TheGenealogist has excitedly announced the completion of its project to provide comprehensive access to historic records and maps for Bedfordshire and Hertfordshire.

With over 1,100 square miles of searchable property records from the 1910s now available, this achievement is a significant milestone for genealogists, historians, and anyone interested in the history of these two counties.

The completion of the 1910s land tax records for Bedfordshire and Hertfordshire, known as the Lloyd George Domesday Survey records, is a valuable resource for family and house historians. These records are fully searchable, making it easy to research the history of properties and land ownership in these regions.

Key features of this release include:

  • Finding individual properties on detailed 1910-1915 maps, zoomable to the exact plot.
  • Discovering details about houses, often revealing the size and number of their rooms through surveyor’s Field Books.
  • Exploring the features of the neighbourhoods in which ancestors lived on the historic maps.
  • Accessing the records using the Master Search or by clicking on the pins displayed on TheGenealogist’s Map Explorer™.
  • Viewing how an area has changed over time by overlaying historic maps onto modern street maps.

This project represents an ongoing effort by TheGenealogist, and they plan to expand coverage to encompass the rest of England and Wales. These resources are available exclusively on TheGenealogist’s platform, providing a unique and comprehensive research tool for those interested in the history of Bedfordshire and Hertfordshire.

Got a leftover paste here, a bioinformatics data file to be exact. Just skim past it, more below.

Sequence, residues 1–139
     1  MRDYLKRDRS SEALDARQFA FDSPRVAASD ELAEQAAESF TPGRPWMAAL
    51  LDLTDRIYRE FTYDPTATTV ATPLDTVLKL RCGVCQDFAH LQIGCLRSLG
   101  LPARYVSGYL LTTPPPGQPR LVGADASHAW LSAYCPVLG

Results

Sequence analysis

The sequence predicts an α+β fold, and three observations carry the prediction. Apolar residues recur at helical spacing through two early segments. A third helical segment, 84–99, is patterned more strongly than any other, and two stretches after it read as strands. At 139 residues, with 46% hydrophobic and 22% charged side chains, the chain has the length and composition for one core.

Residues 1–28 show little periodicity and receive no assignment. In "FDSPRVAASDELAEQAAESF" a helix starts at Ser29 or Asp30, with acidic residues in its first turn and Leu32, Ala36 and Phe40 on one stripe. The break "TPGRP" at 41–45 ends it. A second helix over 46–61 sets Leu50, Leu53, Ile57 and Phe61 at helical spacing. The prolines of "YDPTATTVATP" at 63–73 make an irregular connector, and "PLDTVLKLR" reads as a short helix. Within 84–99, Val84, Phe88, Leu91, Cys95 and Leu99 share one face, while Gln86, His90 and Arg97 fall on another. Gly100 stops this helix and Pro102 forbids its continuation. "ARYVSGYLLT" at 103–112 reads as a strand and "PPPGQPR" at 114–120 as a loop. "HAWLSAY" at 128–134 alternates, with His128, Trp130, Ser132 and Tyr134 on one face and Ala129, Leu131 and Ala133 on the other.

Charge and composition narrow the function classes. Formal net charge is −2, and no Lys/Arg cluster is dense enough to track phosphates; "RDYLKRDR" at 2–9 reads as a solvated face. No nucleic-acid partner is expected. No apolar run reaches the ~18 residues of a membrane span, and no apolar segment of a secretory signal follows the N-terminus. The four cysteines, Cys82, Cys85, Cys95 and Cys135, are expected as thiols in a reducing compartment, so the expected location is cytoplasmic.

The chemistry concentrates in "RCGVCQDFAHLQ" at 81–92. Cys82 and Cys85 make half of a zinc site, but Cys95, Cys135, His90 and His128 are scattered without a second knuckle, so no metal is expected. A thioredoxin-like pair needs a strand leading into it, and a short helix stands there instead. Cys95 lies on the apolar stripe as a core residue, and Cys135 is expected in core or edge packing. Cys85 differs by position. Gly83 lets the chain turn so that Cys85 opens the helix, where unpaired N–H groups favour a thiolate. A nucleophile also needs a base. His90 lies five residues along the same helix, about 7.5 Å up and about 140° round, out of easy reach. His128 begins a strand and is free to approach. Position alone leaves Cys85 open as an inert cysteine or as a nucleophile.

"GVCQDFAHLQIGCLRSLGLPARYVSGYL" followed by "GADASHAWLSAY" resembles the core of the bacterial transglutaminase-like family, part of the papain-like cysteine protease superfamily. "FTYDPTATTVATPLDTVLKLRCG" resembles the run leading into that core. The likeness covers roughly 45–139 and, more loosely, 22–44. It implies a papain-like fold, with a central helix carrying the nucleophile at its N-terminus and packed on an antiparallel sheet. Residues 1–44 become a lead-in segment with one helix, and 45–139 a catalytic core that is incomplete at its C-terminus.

With the addition of the Lloyd George Domesday Survey records for Bedfordshire and Hertfordshire, TheGenealogist now offers over 2 million searchable land tax records online. This collection covers all the boroughs of Greater London, as well as Bedfordshire, Berkshire, Buckinghamshire, Hertfordshire, Oxfordshire, and Middlesex.

For more information about this exciting record set and to explore the resources available, please visit Link to TheGenealogist’s 1910 Survey.

To gain further insights into the release and its historical significance, you can read TheGenealogist’s feature article, “Bernard Shaw’s House and an Explorer’s Family Pile in Hertfordshire” here.

Image Source:

  • Hertfordshire, Highstreet, England, 1925: Picryl